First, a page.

The decision to stay ensures that the senior day moment will happen. The play that highlighted Saturday's scrimmage served as proof that he is on the right track in the classroom.

Nix's two-point conversion was the result of an academic wager he made with head coach Brian Kelly, who credited the conversion to offensive coordinator Chuck Martin and his new responsibilities as play-caller heading into the 2013 season.

"He surprised me, and so I paid up," Kelly said of Nix. "I said, 'What do you want?' I figured he would want something. He came up: 'I want to score a touchdown in the spring game.' As you know, we had a hard time scoring touchdowns in the spring game and I didn't think that was going to come to reality."

So Nix went up to quarterback Malik Zaire with 14:05 left in the contest, ordering the early-enrollee to get him to the promised land. Six plays and four minutes, 55 seconds later, C.J. Prosise was in the end zone with a 35-yard touchdown reception, allowing the blue-jerseyed Nix to step into the huddle with his white-jerseyed teammates. It set off a minor social media celebration of a FAT GUY TOUCHDOWN. (Or, in this case, a FAT GUY CONVERSION.)

Is this something Temple needs to scheme against come the teams' Aug. 31 opener?

"That's what all teams need to be scared of. Everybody needs to be scared of Irish Chocolate," Nix said.

"Everyone," he continued, staring at the reporter who had inquired, "including you."

The defense charged with stopping the play certainly seemed scared, though it adjusted enough to keep the new quarterback from beating them with his arm.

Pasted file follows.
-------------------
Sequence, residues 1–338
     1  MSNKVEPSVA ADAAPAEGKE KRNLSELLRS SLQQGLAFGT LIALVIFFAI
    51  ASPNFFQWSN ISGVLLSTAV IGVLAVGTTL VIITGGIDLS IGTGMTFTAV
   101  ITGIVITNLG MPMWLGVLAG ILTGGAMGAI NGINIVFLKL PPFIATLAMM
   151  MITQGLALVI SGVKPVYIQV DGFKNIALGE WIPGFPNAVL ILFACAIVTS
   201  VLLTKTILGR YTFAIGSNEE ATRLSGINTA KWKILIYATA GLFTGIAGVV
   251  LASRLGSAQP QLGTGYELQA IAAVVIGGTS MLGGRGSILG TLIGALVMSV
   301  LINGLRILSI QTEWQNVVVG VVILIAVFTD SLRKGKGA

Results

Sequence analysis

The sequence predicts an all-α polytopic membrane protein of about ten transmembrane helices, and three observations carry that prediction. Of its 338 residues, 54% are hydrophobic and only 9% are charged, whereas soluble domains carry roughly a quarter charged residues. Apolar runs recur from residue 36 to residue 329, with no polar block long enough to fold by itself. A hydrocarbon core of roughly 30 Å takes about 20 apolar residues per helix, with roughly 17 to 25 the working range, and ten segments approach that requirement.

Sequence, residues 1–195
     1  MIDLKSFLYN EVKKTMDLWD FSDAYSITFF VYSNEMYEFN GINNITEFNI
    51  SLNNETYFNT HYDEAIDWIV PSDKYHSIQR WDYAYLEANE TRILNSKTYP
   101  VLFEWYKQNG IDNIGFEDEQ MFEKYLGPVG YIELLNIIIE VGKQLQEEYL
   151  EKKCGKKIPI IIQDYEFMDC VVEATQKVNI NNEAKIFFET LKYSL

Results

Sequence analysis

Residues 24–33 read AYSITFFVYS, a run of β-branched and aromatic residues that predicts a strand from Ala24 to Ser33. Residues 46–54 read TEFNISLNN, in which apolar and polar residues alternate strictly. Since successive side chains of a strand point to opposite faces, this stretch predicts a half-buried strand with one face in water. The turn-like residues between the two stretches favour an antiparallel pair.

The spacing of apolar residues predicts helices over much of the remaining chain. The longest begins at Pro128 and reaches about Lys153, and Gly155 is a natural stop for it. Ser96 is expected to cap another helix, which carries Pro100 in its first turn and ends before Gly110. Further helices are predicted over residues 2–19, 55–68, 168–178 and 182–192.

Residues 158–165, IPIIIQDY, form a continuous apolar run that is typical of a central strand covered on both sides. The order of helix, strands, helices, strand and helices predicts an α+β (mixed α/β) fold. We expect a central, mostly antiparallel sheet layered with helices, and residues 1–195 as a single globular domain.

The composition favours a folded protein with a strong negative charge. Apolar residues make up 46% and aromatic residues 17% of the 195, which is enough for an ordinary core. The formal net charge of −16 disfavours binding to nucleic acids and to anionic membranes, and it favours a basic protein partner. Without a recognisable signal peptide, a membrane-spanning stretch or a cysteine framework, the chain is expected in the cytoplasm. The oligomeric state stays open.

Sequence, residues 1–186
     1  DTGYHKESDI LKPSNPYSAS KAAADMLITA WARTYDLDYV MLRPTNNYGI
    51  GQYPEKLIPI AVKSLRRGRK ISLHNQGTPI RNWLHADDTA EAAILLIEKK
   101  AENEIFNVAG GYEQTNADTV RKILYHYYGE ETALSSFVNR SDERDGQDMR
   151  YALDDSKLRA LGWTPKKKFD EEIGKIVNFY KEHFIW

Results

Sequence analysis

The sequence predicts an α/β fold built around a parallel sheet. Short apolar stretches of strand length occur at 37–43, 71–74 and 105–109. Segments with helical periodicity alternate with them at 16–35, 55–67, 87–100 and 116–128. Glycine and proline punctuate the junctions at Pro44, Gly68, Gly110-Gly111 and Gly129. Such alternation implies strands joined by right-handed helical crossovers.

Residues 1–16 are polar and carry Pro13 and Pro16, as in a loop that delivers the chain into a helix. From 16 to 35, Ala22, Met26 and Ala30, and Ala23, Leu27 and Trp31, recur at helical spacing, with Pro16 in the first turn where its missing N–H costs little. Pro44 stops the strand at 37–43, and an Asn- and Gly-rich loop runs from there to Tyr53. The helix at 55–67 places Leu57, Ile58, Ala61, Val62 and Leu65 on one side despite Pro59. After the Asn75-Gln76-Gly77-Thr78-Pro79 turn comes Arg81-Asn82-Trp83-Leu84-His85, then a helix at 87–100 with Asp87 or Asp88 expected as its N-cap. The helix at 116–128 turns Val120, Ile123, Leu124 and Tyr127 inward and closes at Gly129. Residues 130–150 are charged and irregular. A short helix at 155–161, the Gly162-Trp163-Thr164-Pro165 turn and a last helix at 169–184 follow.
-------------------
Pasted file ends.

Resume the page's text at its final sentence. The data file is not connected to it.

"I just made a few checks or whatever. You couldn't hear them. They were silent checks," Nix said. "I just told them where to line up, give me a nice pass-block. My O-line did a great job, that's why I was successful."

Or simply because he looked up, stared at nothing but daylight and entered a state of shock, with linebacker Kendall Moore getting the heck out of the way once Nix committed to running straight ahead.

"I saw fear in his eyes," Nix said of Moore.

George Atkinson III said afterward that Everett Golson should worry about losing his job. Fellow defenders expressed relief that they will never have to face Nix again.

But that might not be the case, not if Nix continues to ride this surge.

"It's a dream of mine to happen [in a game], hopefully it does -- hopefully Coach thinks I can handle the ball," he said.

"I'm 305 right now," the listed 347-pounder deadpanned. "If I gain a few pounds, maybe he'll just hand me the ball off."
SOUTH BEND, Ind. — With his first spring as The Guy at Notre Dame winding down, Everett Golson is scaling back.

He has had to do this before, whether it was relearning a few things after a rocky home debut last season or spending more time in the athletic trainer's room than he would have liked after his relatively small frame took too many hits throughout 2012.

But with Season 1 as Notre Dame's starting quarterback in the rear-view mirror, with the experience of a national title game under his belt and with outside starting threat Gunner Kiel off to Cincinnati, Golson, at times, simply has not stopped talking.

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Mike DiNovo/US PresswireNotre Dame coach Brian Kelly is impressed with Everett Golson as the quarterback prepares for his second season as the starter. "His communication and command and his leadership has been evident as we started spring ball," Kelly says.